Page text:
Here comes Beta

SE just finished a promotional campaign for FFXIV 2.0 and released three videos, as well as a Live Letter from the Producer and the Benchmark Tool.  This is all set up in anticipation for the Beta testing that is to begin this Monday, February 25th.  All legacy members are invited to join in the first phase of the closed Beta test.  I am a legacy member, and while NDA may have something against disclosing anything on the BETA, I can still disclose that I am excited for the recent media that we are seeing about the release of 2.0.


This first video shows the same thing players will see if running the benchmark program.  It is basically a mash-up of cut scenes similar to what will be seen in the game, as these are in the same style as cut scenes I remember from 1.0.  However, as with 1.0 the graphics from game play and the cut scenes tend to be very similar and I hear 2.0 has been reworking their engines to make it so what you see in game play and what you see in the cut scenes look even more similar.  Where other MMORPGs might have elaborate cut scenes that feel very surreal to the normal gameplay, having ones that match the gameplay closely can help keep the player feel like it is happening all in one living, breathing world.

 

This second video really got me excited – because it not only shows the quality of gameplay, but also shows how much the world of 1.0 has changed, and to my relief, how much it has stayed the same.  The graphics are as beautiful as they were in 1.0 and SE didn’t cheapen anything or cut back on any of the graphic styles for their new engine.  My fears of cartoonish faces and choppy animations were put to rest.  Many of the same locations still exist such as the city of Ul’Dah and the landscape around Limsa Lominsa.  Everything still has great lighting, sounds, and environmental elements that make the world of Erozea feel to fresh and beautiful compared to other MMORPG’s I have played.  It’s not just a game, but a living and breathing world worth visiting time and time again.  The PS3 version doesn’t match the capabilities of a fully tricked out PC – but I do think it has a nostalgic console gaming feel with the less than crisp graphics.  And when the PS4 comes out, this game will be easy to port over and gain back those missing details.  Nothing is said about the PS4, but one can imagine…

I did notice they are hiding the UI from the gameplay video, so does that mean they have some nice changes in store for us in the coming months?  Hmm…

 

And finally the third video I enjoyed recently was this one showcasing the gamepad controls.  I was very impressed with how easy a gamepad will work with FFXIV 2.0 and how simple it looked to operate.  Looking on how the interface is, I really do see myself using a gamepad in the future.  It might be easier to keep my eyes on the screen knowing where all the buttons are by feel instead of constantly having to glance down at the keyboard and make sure my fingers are on the right buttons 🙂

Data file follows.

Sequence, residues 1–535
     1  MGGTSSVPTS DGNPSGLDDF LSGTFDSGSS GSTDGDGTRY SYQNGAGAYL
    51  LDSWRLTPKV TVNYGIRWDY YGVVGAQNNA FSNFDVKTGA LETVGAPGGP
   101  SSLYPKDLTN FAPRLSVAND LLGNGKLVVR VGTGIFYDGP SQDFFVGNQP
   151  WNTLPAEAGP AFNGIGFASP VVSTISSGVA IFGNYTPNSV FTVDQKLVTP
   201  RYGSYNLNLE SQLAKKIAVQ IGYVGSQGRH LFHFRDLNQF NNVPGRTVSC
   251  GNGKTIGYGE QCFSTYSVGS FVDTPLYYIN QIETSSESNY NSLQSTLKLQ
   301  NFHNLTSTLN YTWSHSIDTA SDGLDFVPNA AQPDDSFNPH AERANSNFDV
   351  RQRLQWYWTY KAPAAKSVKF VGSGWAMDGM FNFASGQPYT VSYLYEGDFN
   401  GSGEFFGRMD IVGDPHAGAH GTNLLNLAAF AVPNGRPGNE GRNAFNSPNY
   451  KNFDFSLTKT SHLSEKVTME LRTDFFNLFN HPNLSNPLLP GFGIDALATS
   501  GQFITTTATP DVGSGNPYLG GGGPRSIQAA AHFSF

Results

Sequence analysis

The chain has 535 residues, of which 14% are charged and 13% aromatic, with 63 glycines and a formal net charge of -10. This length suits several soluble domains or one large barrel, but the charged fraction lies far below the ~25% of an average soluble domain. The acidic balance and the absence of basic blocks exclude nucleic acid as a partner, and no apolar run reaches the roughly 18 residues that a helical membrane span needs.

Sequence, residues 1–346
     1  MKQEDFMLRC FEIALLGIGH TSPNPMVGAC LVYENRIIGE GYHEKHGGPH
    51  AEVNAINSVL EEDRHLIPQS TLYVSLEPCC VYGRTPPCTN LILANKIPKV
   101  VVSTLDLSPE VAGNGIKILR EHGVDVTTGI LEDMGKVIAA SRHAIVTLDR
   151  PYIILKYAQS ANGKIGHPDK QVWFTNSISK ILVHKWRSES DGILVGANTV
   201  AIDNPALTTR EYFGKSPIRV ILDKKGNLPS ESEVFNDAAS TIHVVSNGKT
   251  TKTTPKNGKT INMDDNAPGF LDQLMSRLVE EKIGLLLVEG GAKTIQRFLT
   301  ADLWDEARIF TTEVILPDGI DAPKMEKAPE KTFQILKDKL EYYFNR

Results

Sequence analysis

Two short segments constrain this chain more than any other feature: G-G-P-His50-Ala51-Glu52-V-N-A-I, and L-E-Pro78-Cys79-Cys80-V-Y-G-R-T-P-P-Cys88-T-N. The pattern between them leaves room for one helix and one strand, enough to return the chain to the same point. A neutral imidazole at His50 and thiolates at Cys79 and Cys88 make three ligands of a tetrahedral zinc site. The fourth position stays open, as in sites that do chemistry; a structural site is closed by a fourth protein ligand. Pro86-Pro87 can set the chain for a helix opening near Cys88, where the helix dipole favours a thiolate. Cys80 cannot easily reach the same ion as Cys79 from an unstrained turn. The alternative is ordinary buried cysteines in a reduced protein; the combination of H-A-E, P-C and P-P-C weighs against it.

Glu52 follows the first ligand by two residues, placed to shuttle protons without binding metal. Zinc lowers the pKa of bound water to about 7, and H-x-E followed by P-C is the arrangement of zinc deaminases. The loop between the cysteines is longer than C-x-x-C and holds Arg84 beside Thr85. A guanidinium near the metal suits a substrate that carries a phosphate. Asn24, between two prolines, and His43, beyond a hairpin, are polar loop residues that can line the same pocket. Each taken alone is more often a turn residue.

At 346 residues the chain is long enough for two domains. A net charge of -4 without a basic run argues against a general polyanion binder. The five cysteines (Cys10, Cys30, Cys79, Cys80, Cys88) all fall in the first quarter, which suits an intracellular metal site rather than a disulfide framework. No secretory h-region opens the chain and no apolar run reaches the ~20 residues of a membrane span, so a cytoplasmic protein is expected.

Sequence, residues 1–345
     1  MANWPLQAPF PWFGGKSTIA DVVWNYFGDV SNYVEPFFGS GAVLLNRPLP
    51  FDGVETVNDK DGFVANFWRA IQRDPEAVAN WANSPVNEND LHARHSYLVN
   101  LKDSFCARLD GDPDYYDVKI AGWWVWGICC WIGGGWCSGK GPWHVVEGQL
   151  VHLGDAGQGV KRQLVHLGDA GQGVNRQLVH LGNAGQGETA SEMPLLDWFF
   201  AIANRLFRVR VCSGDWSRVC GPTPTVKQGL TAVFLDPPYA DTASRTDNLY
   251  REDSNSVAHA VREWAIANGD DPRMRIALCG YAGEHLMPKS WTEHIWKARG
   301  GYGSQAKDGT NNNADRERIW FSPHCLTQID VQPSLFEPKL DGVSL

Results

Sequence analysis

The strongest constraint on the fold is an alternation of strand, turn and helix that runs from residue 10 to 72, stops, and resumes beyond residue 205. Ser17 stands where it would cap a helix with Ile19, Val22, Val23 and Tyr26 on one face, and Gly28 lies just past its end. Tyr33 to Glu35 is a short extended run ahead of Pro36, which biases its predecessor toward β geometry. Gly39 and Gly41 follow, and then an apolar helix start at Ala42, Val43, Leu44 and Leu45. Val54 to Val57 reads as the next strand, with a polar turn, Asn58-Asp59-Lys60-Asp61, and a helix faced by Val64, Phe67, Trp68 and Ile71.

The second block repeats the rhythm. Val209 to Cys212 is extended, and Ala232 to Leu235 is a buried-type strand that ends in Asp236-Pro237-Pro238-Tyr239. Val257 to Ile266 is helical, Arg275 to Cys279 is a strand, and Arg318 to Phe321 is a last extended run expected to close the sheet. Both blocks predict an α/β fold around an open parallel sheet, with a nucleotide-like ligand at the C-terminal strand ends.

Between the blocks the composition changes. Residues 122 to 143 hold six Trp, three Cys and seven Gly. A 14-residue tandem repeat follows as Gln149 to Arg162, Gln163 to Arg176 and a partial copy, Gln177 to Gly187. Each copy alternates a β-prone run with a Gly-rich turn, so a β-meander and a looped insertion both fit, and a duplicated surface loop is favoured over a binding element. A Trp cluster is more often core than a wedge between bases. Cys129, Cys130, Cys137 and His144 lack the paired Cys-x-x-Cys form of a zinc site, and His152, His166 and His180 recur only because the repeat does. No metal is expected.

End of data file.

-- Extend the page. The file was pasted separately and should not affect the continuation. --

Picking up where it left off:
ImageI must say that after all was said and done with these recently released videos, with Beta coming up, and with all the news and PR going around with 2.0 recently that I am more excited than ever about the changes being made.  There is not one thing I am upset about after all I am hearing about 2.0 and I look forward to seeing more changes and plans for the future.  I know a lot of things I am hearing in the press releases and on the forums have been designated as being considered for a later patch or future updates, but starting at launch there should be quite a few new things to explore.  I can’t wait to dive in.

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TERA and the F2P model

I should have posted this sooner, but i’m still playing TERA and i’ve gotten past level 20, so it’s time to check in for the next update.  Since the last update I was able to find a nice guild that is active, and was able to get up to a higher level to try some dungeons and work on the story line and just experience more of the world in general.  The graphics still look amazing, the community still seems friendly, and there still seems to be a lot of interesting sites to see in the game.  However a lot of the mechanics that I was hoping would improve over time don’t seem to really improve.  In the end, it still feels to me like a tired classing MMORPG with little to offer.